• Szymanowski, vol.2 (Chandos, 2013)
Muzyka polska, volume seven
Chandos CHSA 5123 (2013)
Lucy Crowe, Pamela Helen Stephen, Robert Murray, Gábor Bretz
BBC Symphony Chorus, BBC Symphony Orchestra, cond. Edward Gardner
• Stabat Mater (1925-26)
• Harnasie (1923-31)
Szymanowski and the new Poland
The First World War devastated much of Europe, tearing apart its social and political fabric. In the case of Poland, the changes were particularly dramatic because it regained its independence in 1918 after over a century of occupation and subjugation by Austria, Prussia, and Russia. The country’s borders were redrawn, and it had to reconcile three different currencies and education systems and many other fundamental aspects of its divided self. Small wonder, then, that the early years of the Polish nation state were turbulent (three uprisings in Silesia, war with the new Soviet Union to the east). While dealing with the very real problems of daily existence, Polish creative artists also tried to work out their own role in shaping the new Poland.
It fell largely to Karol Szymanowski (1882 – 1937) to articulate what Polish music might be after 1918. Certainly, he had his critics, who were reactionary in their tastes. Szymanowski was no revolutionary – indeed, his artistic interests too were on the conservative side, but he had views on how Poland might regain a place in the wider discourse of European music by asserting its musical independence.
In the early 1920s, Szymanowski wrote a number of articles in which he distanced himself, and Poland, from the Austro-German cultural hegemony to which he had subscribed as a young composer. Instead, he held up Chopin as a model of musical independence, partly, but by no means wholly, because of the ethnicity of his predecessor’s output. Without totally abandoning certain aspects of the music of his first period, and still maintaining the non-Germanic sensuality which had characterised his music since 1911 (melding Arabic and Greek culture with musical impulses from France), Szymanowski began to explore his native heritage more assiduously.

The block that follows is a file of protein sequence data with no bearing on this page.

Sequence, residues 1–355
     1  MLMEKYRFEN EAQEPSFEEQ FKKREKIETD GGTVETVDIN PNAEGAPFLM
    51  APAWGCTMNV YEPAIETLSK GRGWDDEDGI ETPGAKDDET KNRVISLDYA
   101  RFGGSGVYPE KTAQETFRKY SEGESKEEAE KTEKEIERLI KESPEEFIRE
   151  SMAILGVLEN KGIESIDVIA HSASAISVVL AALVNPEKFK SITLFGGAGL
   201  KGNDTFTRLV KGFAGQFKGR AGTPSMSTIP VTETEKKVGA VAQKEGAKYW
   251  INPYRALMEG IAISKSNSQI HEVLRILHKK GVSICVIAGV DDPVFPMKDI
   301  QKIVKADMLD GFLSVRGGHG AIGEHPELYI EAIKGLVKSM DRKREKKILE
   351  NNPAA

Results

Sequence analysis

In 1921 he composed a short cycle of songs, Słopiewnie (Wordsongs), Op. 46b, which introduced new scalic elements and showed an affinity with folk-related works by Stravinsky, such as Les Noces (premiered in 1923). In 1925, Szymanowski responded to one of Chopin’s favourite genres with his Twenty Mazurkas for piano, Op. 50. This was followed in 1927 by the Second String Quartet, Op. 56, which was imbued with folk idioms from the Polish Tatra mountains. This approach continued in two concertos: the Symphonie concertante for piano and orchestra, Op. 60 (1932, already issued on the first CD in Chandos’ Szymanowski series, CHSA 5115) and the Second Violin Concerto, Op. 61 (1933). In amongst these works are the two on this CD, both of them involving vocal forces, one of a sacred nature, the other balletic.
Towards the end of his life, Szymanowski turned several times to sacred topics, among other works composing two short cantatas: Veni Creator, Op. 57 (1930) and Litania do Marii Panny (Litany to the Virgin Mary), Op. 59 (1933). Undoubtedly, however, his vocal-instrumental masterpiece is the Stabat Mater, Op. 53 (1925 – 26). Despite its modest size and forces, it is one of his most expressive and resonant works and is one of the glories of twentieth- century sacred music.
In 1924 Szymanowski received a commission from the French music patron the Princesse de Polignac (1865 – 1943). In what might be regarded as a parallel with Janáček’s Glagolitic Mass, his first real thoughts centred on a Polish ‘Peasant Requiem… some sort of mixture of naive devotion, paganism, and a certain rough peasant realism’. In the end, this plan came to nothing, but the following year he accepted a different commission, which resulted in the Stabat Mater. This more modest project developed his vision for a ‘Peasant Requiem’, its six short movements combining folk elements with archaisms such as Renaissance contrapuntal practices. The orchestra is modest too, not even playing in the fourth movement, and the three soloists (soprano, alto, and bass) sing together only in the last movement.